Rancho Cucamonga resident Ken Bencomo had been a teacher at St. Lucy’s Priory High School for 17 years, where he had become head of the English department, coached the dance squad and oversaw the yearbook.
Though a former student says Bencomo never spoke of his personal life to his students, they knew he was gay, while staff had previously been introduced to his partner, Christopher Persky.
Bencomo and Persky, 32, were one of the first gay couples married in San Bernadino County on July 1, following the Supreme Court’s decision to rule Prop 8 unconstitutional. News of their nuptials broke on July 2 in the Daily Bulletin, prompting St. Lucy’s to dismiss Bencomo.
“The reason given was that the marriage occurred and the school’s position was that it violated church teachings,” Bencomo’s attorney Patrick McGarrigle told the San Gabriel Valley Tribune.
According to Diocese of San Bernadino spokesman John Andrews, had Bencomo not appeared in the paper he might still have his job. The Diocese prohibits discrimination against teachers and other employees based on their “lifestyle choices” but if they make “a public display of behavior that is counter to church teaching – such as homosexuality, sex outside of marriage, having a child outside of marriage,” Andrews said, “that can impact their employment status.”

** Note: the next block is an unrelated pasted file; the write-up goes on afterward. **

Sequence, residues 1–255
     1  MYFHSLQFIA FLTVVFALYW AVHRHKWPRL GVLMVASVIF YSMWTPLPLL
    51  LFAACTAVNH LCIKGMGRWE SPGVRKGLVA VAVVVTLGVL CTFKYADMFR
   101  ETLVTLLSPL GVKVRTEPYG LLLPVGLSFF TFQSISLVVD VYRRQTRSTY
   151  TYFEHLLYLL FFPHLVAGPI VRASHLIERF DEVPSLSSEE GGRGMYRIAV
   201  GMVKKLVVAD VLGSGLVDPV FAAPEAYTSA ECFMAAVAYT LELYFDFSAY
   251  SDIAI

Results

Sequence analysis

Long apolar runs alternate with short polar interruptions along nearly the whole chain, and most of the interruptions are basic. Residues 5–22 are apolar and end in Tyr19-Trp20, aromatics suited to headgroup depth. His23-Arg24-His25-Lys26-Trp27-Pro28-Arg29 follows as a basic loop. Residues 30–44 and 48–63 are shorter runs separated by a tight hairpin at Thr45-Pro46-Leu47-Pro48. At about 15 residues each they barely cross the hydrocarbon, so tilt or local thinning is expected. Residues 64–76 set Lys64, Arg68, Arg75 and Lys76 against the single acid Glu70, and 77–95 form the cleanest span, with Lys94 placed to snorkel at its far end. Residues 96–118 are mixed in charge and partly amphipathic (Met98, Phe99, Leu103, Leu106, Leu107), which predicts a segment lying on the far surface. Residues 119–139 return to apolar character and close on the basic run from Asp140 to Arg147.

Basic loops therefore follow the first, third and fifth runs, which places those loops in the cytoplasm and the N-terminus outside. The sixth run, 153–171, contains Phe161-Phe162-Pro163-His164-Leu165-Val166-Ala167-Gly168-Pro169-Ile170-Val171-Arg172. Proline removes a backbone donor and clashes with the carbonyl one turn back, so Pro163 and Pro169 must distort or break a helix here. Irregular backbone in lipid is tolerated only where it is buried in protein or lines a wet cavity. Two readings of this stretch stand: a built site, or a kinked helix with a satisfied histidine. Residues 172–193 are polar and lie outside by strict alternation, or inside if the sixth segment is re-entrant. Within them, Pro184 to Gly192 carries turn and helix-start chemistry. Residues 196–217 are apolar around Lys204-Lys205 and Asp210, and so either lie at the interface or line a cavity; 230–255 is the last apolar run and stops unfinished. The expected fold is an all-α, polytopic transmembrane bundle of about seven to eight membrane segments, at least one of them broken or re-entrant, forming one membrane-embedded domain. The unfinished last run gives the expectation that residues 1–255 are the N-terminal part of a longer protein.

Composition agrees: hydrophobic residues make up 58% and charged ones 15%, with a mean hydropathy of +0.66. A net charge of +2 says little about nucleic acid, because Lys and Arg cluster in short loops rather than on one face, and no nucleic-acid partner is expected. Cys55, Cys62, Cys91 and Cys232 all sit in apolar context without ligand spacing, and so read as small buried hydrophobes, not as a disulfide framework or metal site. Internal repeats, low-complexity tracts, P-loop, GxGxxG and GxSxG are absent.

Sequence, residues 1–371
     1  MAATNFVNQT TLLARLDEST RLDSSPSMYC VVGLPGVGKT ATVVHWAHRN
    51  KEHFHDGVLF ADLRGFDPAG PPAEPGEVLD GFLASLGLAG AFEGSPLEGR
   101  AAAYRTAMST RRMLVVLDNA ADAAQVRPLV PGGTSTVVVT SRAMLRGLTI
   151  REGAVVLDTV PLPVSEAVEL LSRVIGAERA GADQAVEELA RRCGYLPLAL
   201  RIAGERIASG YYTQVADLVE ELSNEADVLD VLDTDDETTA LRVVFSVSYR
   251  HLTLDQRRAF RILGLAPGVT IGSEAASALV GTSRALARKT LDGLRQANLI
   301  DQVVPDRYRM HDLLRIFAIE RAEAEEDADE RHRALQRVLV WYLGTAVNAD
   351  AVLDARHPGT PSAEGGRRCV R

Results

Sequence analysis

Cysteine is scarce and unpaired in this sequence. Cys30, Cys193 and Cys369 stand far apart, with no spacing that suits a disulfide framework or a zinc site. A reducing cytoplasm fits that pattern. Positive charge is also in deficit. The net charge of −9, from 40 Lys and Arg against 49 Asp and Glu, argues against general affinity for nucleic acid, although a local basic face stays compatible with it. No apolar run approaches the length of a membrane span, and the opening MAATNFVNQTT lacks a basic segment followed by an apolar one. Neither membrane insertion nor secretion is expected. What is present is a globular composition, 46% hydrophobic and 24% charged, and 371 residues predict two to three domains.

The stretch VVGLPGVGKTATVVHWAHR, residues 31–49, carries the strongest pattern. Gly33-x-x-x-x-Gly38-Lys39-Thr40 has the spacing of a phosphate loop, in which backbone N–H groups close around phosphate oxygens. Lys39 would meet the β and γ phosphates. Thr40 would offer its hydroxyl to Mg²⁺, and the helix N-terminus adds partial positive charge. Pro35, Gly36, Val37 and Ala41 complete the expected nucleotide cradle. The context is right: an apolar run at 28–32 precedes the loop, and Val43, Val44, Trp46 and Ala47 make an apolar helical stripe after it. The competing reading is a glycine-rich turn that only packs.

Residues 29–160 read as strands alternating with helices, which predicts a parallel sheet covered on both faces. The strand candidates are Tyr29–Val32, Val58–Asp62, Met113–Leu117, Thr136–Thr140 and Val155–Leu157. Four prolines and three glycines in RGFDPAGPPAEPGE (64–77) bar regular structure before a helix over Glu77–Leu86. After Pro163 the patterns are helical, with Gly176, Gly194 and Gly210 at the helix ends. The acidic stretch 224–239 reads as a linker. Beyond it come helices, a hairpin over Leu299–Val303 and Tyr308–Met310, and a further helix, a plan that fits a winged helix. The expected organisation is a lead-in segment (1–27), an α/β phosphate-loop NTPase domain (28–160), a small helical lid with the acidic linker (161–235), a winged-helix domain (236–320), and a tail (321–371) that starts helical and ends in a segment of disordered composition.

St. Lucy’s issued a statement after dismissing Bencomo reassuring the community that “upholding its mission to educate students in the tradition of the Catholic faith is of paramount importance.”
Catholic schools have a record of job discrimination based on religious principles, with teachers being fired or urged to resign for revealing same-sex relationships, accidentally being outed, for being transgender or even speaking out in support of gay marriage.
A petition urging St. Lucy’s to give Bencomo his job back has so far garnered over 8,000 signatures, though Bencomo hopes to resolve the issue without legal action.
Photo: The Raw Story